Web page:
LGBTQ

Letting Go of the Child You Thought You Had

When your child comes out as transgender, it’s normal to grieve the idea of the child you thought you had. We’ve had years, sometimes decades, to think about our children in one way. The idea of that child has lived in our minds, hearts, and home, and it doesn’t disappear overnight when our children tell us they are transgender. Letting go of the child you thought you had is where the majority of the grief you feel comes from.

Image is of a boy and girl walking next to a fence on a fall day, with leaves on the ground. They are facing away from the camera and their backs are to us. The girl is in a white sweater, pink tule skirt, white tights and boots. The boy is in a white shirt, tan pants, and boots. The photo is for a blog post called, "Letting Go of the Child You Thought You Had."
Photo by Kevin Gent on Unsplash

When your child comes out as transgender, they are telling you they are someone different than what you thought, gender-wise. Your child is still the same person inwardly that they have always been. They still like the same music and food. They still have the same interests, hopes, and dreams for themselves. But they are not the same person outwardly that you thought they were. They may have asked you to use a new name and pronouns to refer to them.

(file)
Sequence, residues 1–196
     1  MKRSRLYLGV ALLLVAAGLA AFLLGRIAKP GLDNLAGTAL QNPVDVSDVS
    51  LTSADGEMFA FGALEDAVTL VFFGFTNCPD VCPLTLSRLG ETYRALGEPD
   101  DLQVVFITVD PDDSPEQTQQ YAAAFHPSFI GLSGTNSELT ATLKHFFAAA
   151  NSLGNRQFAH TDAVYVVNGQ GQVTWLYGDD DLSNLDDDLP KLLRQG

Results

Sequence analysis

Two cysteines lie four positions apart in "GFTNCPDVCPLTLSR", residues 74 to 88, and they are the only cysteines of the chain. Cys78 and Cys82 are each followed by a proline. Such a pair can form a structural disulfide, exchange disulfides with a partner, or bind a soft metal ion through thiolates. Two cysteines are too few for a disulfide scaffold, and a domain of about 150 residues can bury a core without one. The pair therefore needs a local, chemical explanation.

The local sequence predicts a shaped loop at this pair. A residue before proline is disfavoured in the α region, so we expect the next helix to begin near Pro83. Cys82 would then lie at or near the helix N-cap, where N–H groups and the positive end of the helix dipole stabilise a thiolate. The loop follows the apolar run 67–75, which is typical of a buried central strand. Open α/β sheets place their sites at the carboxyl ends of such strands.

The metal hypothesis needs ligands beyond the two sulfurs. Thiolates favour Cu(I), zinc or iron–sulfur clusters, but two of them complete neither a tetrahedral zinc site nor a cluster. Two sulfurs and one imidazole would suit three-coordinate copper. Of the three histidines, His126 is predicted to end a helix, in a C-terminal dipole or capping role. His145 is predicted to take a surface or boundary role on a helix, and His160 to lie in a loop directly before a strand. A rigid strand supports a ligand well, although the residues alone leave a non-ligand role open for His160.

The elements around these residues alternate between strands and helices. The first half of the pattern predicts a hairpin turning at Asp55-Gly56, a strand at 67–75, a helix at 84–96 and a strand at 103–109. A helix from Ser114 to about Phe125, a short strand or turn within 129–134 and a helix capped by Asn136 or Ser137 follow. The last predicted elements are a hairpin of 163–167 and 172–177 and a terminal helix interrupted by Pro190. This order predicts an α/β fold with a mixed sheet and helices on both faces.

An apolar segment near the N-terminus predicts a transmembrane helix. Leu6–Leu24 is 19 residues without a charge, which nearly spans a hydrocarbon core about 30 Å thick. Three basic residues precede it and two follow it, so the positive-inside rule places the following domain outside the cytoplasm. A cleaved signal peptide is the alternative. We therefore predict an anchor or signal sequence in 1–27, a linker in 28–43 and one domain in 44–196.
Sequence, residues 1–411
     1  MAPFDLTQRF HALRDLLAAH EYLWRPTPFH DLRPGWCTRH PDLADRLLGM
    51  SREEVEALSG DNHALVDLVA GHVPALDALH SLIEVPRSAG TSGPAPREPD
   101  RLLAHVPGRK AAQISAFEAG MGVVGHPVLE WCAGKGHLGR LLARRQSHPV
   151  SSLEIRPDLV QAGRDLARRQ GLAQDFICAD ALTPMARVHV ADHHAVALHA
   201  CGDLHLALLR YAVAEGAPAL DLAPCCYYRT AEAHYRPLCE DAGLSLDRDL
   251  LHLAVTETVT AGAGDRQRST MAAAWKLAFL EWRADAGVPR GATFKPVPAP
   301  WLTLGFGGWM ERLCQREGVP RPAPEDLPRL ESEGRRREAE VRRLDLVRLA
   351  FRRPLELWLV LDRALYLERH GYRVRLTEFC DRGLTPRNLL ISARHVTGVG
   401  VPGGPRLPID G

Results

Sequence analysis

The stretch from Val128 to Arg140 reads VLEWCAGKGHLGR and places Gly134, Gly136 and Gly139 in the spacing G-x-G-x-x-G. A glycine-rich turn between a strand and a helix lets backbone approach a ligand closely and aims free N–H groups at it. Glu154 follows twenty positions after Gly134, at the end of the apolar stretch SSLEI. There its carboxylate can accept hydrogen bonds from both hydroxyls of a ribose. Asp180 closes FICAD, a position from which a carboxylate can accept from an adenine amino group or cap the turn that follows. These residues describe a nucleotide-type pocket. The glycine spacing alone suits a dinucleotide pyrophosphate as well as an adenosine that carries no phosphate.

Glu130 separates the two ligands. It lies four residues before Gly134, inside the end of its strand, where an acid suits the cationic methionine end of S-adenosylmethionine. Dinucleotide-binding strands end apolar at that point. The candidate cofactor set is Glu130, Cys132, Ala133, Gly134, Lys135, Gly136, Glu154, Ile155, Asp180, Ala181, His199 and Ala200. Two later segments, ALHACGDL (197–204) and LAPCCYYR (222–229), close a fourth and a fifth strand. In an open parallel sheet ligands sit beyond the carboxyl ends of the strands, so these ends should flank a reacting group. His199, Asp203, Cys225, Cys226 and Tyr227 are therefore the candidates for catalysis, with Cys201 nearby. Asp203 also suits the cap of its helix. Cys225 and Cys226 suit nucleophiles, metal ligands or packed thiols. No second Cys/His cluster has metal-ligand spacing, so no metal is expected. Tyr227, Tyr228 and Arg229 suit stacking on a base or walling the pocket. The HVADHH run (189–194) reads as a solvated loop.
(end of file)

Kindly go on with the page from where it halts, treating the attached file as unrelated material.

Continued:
How you think about your child has changed, along with your idea of who they are.

Changing the idea of who your child is doesn’t happen overnight. When your child began to understand that they were transgender, they needed time to adjust to that reality. They spent time researching being transgender and what it meant and determining how it applied to them. Knowing your child is transgender is one thing. Being able to think about your child in a new way takes time and work.

Be patient with yourself as you adjust to this new way of thinking about your child. Your brain has to learn how to associate a new gender, name, and pronouns with your child. You have to give up the old way of thinking about and referring to your child. And in the middle of that, you have to process the emotions that come with it.

It’s important that you love and support your child while you work through your emotional process.

Your child needs to know that you still love them for who they are. They need to know that your love for them hasn’t changed just because they are transgender. Or that your love isn’t dependent on what gender they are, what name they go by, or what pronouns they use.

Keep supporting your child even when your heart feels heavy and sad. You don’t have to have it all figured out to say I love you, or I’ll be here for you as you determine your next steps. Your love for your child hasn’t changed. Keep loving them the same way you always have.

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